The King’s Speech (2010) dir. Tom Hooper
Starring: Colin Firth, Geoffrey Rush, Helena Bonham-Carter, Timothy Spall, Derek Jacobi
By Alan Bacchus
I still have sour grapes from the victory of The King's Speech over The Social Network. Until David Fincher gets his Oscar, I might continue to harbour ill feelings about this film. But it's a pretty good movie. I can't deny it that. It's on DVD/Blu-ray now, and it holds up well on second viewing and on the small screen. Here's my original review.
There seems to be an endless number of Oscar-worthy stories produced about the Royal Family. This year’s awards fodder is the story of King George VI, the quiet king and father of Queen Elizabeth II, who took over from the abdicated Edward VIII, and who famously had a stutter. Of course, it’s a classy affair full of handsome performances, but Hooper manages to avoid the usual stodginess of this type of material with a distinct visual design and a deep affection and accessibility of his characters.
Hooper starts off in 1925, when then Duke of York, Albert (his real name), played by Colin Firth, is all sweaty palms in anticipation of a speech he’s required to make at Wembley Stadium. Due to his stammering, the speech is a disaster, an event which public humiliates him. Moving on to 1932, after working with numerous speech therapists, Albert, or Bertie as he was affectionately known, swears off all treatment. That is, until his devoted wife Elizabeth, aka “the Queen Mother” (Bonham-Carter), seeks out a renowned but ‘common’ Australian speech defect therapist, Dr. Lionel Logue (Geoffrey Rush). A meeting is arranged, during which the sly doctor manages to prove to the doubting Bertie that his condition is psychological. With trust fully in place, the pair embarks on a decades-long journey toward the rehabilitation of Bertie’s body and soul.
Upon this routine narrative skeleton that is the close relationship of doctor and patient, Hooper hangs a rather far reaching and expansive story of not only tumultuous British Royal politics, but also the dramatic events of the 1930s that led to WWII.
Rush and Firth make tremendous friends and adversaries. The initial stand-off between doctor and patient goes deep through a number of fascinating levels. First, there’s the obvious embarrassment of Albert, who has to open his inadequacies to a total stranger. There’s also the socio-economic/class separation, which, at a glance, would seem petty and frivolous. But considering the time and place in which the film takes place, there’s both realism and drama when Albert says something like, “I’ve never been alone in a room with someone like you.” Indeed, Logue meeting Albert is like oil and water, but a remarkably profound and emotional relationship develops ever so slowly over these years.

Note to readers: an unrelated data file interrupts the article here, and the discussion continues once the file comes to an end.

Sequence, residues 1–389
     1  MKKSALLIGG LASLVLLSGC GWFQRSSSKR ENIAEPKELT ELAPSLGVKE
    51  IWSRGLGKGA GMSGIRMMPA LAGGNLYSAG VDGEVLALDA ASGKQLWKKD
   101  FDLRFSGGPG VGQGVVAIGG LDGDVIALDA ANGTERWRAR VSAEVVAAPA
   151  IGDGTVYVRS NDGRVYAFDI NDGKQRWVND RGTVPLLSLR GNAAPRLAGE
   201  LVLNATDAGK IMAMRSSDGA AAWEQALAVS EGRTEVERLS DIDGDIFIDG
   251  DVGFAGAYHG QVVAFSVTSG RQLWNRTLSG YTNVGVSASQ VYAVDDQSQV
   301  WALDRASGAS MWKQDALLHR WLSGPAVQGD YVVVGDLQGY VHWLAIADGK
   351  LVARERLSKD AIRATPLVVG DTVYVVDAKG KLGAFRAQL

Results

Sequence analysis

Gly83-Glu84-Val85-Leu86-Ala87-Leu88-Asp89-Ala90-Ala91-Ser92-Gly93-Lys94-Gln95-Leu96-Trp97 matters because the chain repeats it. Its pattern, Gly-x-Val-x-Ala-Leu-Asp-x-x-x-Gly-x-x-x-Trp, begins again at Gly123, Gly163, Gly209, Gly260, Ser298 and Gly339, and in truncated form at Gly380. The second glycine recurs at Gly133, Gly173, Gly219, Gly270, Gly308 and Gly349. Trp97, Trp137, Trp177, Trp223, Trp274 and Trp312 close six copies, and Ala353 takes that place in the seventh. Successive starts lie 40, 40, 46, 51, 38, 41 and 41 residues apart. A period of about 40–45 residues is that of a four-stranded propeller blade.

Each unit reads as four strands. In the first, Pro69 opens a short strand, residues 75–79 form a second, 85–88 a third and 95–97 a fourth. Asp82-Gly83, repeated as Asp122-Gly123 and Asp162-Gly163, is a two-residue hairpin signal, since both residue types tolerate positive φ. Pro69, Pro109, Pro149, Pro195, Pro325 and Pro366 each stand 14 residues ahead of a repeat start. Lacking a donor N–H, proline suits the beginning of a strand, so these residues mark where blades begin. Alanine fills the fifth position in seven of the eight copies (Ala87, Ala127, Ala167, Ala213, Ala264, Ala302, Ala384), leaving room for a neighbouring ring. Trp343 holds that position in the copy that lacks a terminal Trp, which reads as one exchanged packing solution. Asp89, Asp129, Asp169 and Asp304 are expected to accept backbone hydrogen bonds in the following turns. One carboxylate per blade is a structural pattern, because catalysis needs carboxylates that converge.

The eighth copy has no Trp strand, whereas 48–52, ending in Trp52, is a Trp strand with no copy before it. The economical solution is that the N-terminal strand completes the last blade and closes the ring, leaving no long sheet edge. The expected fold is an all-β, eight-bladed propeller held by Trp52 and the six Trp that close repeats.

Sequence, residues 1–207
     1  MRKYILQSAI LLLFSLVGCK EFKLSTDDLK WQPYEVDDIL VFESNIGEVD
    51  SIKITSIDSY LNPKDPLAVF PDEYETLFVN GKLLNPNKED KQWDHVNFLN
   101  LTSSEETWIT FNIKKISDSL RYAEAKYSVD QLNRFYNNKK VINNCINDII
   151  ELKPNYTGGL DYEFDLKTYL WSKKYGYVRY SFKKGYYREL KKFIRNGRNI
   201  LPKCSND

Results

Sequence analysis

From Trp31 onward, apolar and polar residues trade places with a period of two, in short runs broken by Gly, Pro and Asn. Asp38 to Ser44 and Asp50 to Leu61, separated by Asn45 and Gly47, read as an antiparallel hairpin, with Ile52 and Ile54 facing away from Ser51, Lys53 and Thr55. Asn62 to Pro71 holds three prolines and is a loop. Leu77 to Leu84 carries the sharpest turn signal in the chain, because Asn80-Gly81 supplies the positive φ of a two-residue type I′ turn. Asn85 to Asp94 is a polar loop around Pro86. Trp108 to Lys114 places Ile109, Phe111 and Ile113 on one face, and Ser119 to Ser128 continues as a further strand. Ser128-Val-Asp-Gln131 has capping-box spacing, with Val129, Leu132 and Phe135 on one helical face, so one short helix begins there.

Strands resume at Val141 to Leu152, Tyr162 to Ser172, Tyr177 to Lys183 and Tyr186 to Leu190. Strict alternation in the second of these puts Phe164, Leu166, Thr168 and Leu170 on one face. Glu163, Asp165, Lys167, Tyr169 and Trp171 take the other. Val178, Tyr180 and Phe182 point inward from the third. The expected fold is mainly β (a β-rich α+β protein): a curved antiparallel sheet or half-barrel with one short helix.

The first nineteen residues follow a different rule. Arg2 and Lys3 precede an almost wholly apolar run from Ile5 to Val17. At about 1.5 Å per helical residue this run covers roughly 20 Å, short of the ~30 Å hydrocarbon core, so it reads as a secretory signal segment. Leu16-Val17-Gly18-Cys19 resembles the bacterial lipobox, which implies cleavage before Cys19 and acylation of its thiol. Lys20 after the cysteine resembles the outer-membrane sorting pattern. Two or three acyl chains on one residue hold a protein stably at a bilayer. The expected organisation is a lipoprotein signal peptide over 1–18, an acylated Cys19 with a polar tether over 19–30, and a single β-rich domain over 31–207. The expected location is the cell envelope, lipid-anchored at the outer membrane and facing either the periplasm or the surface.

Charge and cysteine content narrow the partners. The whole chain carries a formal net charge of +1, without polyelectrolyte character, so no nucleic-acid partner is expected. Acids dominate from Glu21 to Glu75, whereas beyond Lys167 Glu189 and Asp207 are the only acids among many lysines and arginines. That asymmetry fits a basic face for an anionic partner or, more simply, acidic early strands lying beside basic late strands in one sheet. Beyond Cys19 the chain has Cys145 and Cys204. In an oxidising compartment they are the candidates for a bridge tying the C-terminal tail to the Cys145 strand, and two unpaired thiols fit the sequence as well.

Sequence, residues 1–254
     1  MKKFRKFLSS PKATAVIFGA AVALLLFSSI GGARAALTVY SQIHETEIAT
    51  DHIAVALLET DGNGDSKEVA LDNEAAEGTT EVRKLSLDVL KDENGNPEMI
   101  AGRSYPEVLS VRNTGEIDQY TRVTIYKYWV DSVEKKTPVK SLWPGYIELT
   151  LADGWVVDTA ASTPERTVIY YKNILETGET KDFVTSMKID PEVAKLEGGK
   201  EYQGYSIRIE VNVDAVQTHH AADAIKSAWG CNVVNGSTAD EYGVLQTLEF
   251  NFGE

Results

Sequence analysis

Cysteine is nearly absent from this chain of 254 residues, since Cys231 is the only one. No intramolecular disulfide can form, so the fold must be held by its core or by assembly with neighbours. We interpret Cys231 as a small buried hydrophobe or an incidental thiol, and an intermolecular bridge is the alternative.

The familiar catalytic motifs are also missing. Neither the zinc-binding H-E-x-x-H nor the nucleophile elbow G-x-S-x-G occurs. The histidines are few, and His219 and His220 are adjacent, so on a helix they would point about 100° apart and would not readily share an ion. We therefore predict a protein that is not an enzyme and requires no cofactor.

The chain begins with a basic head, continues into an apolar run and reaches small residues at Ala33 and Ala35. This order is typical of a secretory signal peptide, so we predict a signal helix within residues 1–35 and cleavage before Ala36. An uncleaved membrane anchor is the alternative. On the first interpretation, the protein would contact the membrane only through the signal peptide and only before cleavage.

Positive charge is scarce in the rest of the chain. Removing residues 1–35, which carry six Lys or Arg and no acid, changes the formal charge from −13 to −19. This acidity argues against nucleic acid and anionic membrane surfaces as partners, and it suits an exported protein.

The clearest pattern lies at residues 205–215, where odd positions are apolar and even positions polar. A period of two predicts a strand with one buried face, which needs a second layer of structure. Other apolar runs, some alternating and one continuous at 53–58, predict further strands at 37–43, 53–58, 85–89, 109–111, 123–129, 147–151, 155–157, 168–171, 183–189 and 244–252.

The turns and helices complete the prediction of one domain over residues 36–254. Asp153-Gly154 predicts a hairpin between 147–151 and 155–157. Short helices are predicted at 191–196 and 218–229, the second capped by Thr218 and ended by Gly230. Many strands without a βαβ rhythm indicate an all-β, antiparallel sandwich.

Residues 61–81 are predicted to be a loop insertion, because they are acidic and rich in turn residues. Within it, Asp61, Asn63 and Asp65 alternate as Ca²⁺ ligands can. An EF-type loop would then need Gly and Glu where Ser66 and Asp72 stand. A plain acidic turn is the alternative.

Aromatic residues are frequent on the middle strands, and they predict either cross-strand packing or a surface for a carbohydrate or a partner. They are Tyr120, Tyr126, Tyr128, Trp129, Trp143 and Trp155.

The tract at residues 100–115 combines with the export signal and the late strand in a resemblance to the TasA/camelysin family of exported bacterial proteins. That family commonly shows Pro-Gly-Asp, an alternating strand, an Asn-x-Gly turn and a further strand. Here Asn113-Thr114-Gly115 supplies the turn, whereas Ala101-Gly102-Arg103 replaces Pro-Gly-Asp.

King Edward VIII and Mrs. Simpson, the twice-divorced American socialite whom he marries forcing him to abdicate the throne, are made out to be the villains and as played by Guy Pearce and Eve Best, pompous boobs, really. A curious choice, considering history has always portrayed the pair as romantic heroes for choosing love over fame, power and celebrity. It was a little off-putting, though I guess the reality lies somewhere in between these two characterizations.
Colin Firth and Geoffrey Rush rightfully deserve their acclaim, and both might just win Oscars for their roles, but Hooper’s direction should not go unnoticed either. His lens work is more than just point-and-shoot or beautifying the era, as he makes a conscious effort to show us something fresh. All things considered, it’s a rather awkward visual philosophy using wide-angle lenses to open up space in the frame vertically. Most of his compositions frame his characters in the lower half of the screen, filling the negative space with the expansive rooms, staircases or cloudy London skies. But with this approach, Hooper is forced to put his actors closer to the camera, which translates subliminally to being closer to the audience.
The screenplay is as perfect as any of these period dramas. The lengthy time frame is compressed with just a couple montage scenes, and when the film does abruptly cut to 3 or 4 or 5 years later, we never feel as if we’ve missed out or been hopscotching through history. The speech in the final act is inspiring stuff, as not only does it narratively bookend the opening and closing of George’s character arc, but it shows the effect of his personal journey on the fate of the world at large. The stakes couldn’t be any higher, and the gravitas of the moment is paid off by Hooper’s superb direction of this final set piece.
In the end, The King’s Speech manages to humanize these entitled Royals better than any other film of recent memory. Despite George’s right, title and privilege, he’s a self-hating broken man, emasculated by his stutter. And Hooper makes us feel every moment of his pain, as well as his eventual triumphs.
The King's Speech is available on Blu-ray and DVD from Alliance Films in Canada.